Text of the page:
When all the boys came to the yard, lured in by anticipation of milkshakes, they knew about Easter Eggs. They expected something good might happen.
For those that have forgotten, or just didn’t have context for the expression, an Easter Egg is a delightful little surprise. Programmers often tuck them into video games. Rather than thinking or researching, I took the lazy-(wo)man’s way and asked my husband to think of one. He laughed, and responded, “In Grand Theft Auto 5 there’s a tower that is a beast to scale and when you get to the top it says, ‘There’s nothing to see here.” It’s the random thing that you didn’t know you would find that brings a smile to your face. It’s a happy accident that you stumble upon them, but it’s no accident that they are there.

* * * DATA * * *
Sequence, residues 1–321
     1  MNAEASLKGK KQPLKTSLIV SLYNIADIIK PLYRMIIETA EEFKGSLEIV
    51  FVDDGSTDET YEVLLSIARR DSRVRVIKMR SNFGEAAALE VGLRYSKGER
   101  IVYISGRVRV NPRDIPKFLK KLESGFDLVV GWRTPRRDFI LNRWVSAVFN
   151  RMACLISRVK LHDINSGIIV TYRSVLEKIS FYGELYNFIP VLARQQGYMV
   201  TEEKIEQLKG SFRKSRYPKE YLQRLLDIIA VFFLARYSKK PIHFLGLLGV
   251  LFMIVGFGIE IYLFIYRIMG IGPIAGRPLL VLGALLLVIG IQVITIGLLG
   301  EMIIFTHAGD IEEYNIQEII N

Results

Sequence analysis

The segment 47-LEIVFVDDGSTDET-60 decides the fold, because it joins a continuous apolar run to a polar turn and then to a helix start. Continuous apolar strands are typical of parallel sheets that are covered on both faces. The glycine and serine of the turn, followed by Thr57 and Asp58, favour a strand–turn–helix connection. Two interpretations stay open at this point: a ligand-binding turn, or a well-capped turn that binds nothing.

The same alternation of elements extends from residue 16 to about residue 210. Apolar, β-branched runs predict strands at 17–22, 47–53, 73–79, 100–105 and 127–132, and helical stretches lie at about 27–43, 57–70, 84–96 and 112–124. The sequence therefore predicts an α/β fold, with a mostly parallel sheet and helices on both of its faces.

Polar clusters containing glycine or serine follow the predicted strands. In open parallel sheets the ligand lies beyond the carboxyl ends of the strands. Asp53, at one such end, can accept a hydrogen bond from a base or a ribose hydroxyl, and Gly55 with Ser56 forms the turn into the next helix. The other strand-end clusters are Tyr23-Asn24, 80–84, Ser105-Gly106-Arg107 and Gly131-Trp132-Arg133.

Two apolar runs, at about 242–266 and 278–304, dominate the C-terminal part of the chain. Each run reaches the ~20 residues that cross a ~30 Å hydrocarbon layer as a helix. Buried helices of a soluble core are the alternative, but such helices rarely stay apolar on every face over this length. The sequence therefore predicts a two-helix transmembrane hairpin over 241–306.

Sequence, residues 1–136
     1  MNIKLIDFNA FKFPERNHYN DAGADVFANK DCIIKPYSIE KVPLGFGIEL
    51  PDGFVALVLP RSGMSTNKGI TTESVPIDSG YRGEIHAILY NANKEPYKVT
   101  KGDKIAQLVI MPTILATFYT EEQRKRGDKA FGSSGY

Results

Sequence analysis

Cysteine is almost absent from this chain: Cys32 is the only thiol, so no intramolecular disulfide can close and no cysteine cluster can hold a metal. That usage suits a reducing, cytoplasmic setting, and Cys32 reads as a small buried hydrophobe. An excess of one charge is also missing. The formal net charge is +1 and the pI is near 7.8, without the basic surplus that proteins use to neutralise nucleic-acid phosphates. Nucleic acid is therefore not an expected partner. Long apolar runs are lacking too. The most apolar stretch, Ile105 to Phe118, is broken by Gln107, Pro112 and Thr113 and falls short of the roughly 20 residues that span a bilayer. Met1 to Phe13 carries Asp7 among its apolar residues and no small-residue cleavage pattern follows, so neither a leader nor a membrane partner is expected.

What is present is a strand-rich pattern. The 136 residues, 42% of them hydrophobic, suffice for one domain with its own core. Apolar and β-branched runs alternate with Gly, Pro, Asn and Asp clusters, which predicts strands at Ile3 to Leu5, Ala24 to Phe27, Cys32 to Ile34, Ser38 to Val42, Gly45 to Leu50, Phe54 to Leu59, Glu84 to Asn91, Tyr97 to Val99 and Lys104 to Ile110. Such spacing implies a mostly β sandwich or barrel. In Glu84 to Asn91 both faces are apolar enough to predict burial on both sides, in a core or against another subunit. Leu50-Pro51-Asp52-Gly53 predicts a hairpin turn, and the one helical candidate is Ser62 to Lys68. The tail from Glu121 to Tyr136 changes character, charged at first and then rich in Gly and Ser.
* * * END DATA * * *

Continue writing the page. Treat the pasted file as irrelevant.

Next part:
Enter the painted rock. You might find them unexpectedly laying amongst the landscaping stones of the children’s hospital, nestled among the plantings at the park, or just resting on a window ledge at the grocery store. Little gifts in the path, intentionally placed there for whoever might find them. Possibly originating with Megan Murphy of Conneticut’s Kindness Rocks project, http://www.thekindnessrocksproject.com, in recent years the painted-rock trend has moved Easter Eggs from the realm of video games and into physical public spaces.
My daughter and exchange student sister Lucia are both painting rocks at my kitchen counter as I write this and my son says, “I don’t see the point. Why would you spend time painting just to leave it for a stranger?” Sometimes the question is the answer. You would paint it to leave it for a stranger, because to everyone who hasn’t met us yet we are all strangers. We need to be reminded that the world is filled with possibility. Acting with intention we can leave a little goodness in the path of whoever might find it.